Saturday, March 07, 2009

Can Carlisle compete?

The point is....Carlisle shouldn't have to compete.  Carlisle is where Penn State PROMISED the Dickinson School of Law of Penn State University would remain forever.  First they broke the promise about the name  (it is NOT Penn State University Dickinson School of Law), and then they broke the promise about location.  They basically lied to STEAL DSL's accreditation.  It was the plan from day one.

March 07, 2009 12:00 am  •  

The jury is still out among alumni on what a dual campus could mean for the future of a Dickinson School of Law presence in Carlisle.
Those interviewed were cautiously optimistic that Penn State would follow through on its promise to maintain a viable law school both here and in State College.
“I’m waiting to see … I don’t know how it’s going to play out,” said Greg Abeln, Class of 1981, who practices law in Carlisle. “I am apprehensive about the future. It remains to be seen.”
He sees the dual campus as a quid pro quo arrangement Penn State made to appease the public outcry almost seven years ago after word surfaced of a proposal to move Dickinson School of Law entirely to State College.
For now, Abeln said, he is open to giving Penn State the benefit of doubt. He noted the dual campus has yet to operate at its full potential because the project is still underway to renovate and expand the Trickett Hall building in Carlisle.
When asked if there is cause for concern, Abeln said, “Absolutely. It seems the thrust right now is towards the creation of a new law school at State College.”
It seems the bulk of resources so far has gone toward the construction and start-up of the Lewis Katz building at University Park, which opened in January, Abeln said.
He wonders if putting the construction priority on the State College site has hurt long-term prospects of future law school applicants choosing Carlisle over State College.
Carlisle-based students currently take classes at the former Advantica building on the Carlisle Pike in Middlesex Township. Penn State plans to resume classes at an expanded and renovated Trickett Hall site in January 2010.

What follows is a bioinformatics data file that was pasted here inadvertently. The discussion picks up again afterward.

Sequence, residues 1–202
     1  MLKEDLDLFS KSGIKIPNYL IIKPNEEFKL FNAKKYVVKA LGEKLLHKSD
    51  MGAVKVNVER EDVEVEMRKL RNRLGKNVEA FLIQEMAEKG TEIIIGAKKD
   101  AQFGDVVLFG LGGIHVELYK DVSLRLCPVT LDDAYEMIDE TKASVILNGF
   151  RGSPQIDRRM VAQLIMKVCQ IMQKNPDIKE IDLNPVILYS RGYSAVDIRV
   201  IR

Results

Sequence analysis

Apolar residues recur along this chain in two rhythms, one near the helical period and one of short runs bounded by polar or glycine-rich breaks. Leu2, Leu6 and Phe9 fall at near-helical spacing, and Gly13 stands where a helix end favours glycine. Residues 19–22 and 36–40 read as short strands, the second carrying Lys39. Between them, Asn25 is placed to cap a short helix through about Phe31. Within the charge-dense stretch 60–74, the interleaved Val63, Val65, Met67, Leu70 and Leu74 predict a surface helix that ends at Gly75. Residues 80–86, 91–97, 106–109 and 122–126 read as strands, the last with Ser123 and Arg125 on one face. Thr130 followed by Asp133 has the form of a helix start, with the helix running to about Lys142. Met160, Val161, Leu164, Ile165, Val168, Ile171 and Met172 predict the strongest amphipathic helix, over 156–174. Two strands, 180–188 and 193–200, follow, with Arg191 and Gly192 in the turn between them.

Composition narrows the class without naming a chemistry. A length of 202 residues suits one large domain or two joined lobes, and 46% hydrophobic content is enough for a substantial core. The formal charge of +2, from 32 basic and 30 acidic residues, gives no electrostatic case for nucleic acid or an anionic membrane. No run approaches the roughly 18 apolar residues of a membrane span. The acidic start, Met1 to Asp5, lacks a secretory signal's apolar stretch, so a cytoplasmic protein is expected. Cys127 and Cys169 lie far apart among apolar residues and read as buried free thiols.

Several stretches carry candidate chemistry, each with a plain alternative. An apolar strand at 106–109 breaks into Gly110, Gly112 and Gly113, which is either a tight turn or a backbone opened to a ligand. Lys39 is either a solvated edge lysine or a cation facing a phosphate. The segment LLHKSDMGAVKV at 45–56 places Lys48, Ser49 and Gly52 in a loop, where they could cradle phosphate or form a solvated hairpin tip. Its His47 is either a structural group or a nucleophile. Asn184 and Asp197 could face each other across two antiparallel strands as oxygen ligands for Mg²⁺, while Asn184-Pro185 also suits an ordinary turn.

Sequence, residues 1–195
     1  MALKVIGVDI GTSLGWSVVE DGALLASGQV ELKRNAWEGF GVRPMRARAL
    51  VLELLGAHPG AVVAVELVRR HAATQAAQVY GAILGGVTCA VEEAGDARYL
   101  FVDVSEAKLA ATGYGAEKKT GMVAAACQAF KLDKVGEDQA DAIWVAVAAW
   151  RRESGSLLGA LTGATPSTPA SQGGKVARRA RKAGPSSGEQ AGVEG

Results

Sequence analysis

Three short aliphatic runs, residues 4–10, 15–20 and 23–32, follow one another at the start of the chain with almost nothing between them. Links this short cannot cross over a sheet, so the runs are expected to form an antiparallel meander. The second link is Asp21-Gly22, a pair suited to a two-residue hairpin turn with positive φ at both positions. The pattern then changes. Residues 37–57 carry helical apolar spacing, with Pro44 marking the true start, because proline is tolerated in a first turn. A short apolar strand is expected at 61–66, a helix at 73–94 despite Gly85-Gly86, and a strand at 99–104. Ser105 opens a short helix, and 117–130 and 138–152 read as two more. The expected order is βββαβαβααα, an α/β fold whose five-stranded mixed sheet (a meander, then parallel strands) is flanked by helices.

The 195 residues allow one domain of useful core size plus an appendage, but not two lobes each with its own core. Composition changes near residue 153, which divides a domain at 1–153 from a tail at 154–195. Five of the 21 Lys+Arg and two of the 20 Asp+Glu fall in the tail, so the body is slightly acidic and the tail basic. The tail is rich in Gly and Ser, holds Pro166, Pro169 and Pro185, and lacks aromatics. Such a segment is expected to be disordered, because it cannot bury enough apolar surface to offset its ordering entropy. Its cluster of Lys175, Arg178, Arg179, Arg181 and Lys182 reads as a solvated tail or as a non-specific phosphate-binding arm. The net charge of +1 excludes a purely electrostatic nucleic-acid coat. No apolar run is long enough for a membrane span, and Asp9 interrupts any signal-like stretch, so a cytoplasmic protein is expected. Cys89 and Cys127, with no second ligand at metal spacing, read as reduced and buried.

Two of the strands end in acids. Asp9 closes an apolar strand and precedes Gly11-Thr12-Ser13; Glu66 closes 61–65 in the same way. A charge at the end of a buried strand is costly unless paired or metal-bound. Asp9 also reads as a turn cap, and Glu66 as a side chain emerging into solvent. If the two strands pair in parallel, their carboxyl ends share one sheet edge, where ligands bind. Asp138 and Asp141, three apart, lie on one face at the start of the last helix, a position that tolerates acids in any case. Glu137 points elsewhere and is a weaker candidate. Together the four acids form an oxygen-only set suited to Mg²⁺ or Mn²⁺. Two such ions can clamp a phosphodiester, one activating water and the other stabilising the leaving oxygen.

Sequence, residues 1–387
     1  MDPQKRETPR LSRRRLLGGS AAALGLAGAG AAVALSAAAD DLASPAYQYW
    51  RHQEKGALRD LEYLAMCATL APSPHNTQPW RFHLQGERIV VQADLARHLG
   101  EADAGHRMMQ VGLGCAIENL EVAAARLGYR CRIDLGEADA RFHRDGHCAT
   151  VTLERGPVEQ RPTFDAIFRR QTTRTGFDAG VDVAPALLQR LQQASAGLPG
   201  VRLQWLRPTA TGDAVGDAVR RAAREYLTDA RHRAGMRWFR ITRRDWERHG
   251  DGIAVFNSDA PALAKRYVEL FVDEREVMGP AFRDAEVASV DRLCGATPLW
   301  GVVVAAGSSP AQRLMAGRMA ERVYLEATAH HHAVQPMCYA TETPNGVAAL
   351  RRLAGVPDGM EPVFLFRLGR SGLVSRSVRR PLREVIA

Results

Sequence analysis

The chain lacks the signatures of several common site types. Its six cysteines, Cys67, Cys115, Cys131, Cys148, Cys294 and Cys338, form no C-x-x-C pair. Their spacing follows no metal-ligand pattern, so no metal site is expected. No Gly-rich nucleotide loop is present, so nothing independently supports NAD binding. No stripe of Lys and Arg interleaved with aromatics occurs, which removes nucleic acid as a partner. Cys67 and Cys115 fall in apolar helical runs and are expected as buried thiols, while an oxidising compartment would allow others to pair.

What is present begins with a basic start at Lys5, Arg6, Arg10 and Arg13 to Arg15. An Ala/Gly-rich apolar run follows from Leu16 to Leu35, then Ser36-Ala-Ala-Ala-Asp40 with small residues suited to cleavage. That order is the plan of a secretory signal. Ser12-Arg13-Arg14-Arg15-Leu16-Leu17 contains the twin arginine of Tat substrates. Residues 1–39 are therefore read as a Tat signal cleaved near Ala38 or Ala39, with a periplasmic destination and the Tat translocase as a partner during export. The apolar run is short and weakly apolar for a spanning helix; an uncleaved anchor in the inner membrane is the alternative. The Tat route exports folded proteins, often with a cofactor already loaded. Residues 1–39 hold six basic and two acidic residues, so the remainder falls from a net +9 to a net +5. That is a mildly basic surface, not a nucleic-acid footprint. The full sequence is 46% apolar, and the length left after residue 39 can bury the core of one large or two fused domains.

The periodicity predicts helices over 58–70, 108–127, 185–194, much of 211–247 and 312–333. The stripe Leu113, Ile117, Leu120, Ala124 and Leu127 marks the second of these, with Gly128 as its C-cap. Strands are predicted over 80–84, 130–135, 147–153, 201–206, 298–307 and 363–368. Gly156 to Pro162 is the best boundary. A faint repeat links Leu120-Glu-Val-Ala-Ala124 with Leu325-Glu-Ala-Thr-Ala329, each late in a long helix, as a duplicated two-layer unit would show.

“Which campus would you want to attend?” Abeln asked. “An ultra-modern building in the middle of the Penn State campus or an old building out on the Pike?”
In giving applicants a choice of campus, Abeln asks, how can the traditional small town setting of Tricket Hall compete with the educational facilities of University Park?
His concern is that, in a matter of years, more applicants are going to choose State College and, sooner or later, this possible downturn in requests for Carlisle could prompt Penn State to close the Trickett Hall site for economic reasons.
“That’s what I’m afraid of … but again, I could be wrong,” Abeln said.
Cumberland County GOP chairman Victor Stabile, a 1982 DSL graduate and practicing attorney, is president of its Capital Area Alumni Chapter.
“Right now, the dual campus is in its formative stages,” Stabile said. “I’m optimistic about the Penn State commitment.”
Stabile noted the capital investment Penn State made in the renovation and expansion of the Trickett Hall site. The $50 million project includes $10 million from the university, $15 million from private philanthropy and $25 million in matching funds from the state.
“The dual campus would only succeed if a strong and equal commitment is made to the Carlisle campus so it remains a genuine law school in central Pennsylvania,” Stabile said. “That means students who want to attend Carlisle have to be permitted to stay in Carlisle. That is the point where we are at and what has yet to be seen.”
Tensions have settled down since Penn State put the dual campus concept in place, Stabile said.
“There is a long history behind this move. I would like to think everybody is now supportive of this idea,” he said.
He believes the ranks have closed and most alumni want to see the dual campus succeed.
“We can only be optimistic,” said attorney James D. Flower Jr., also a DSL alumni. “The dual campus will have to play out over time. It could work if Penn State remains committed to the law school in Carlisle.”
Flower agrees with Stabile that the investment in the Trickett Hall project is evidence of a commitment by Penn State.
“I understand it will be comparable,” he said, “as attractive and up to date as the law school in State College.”

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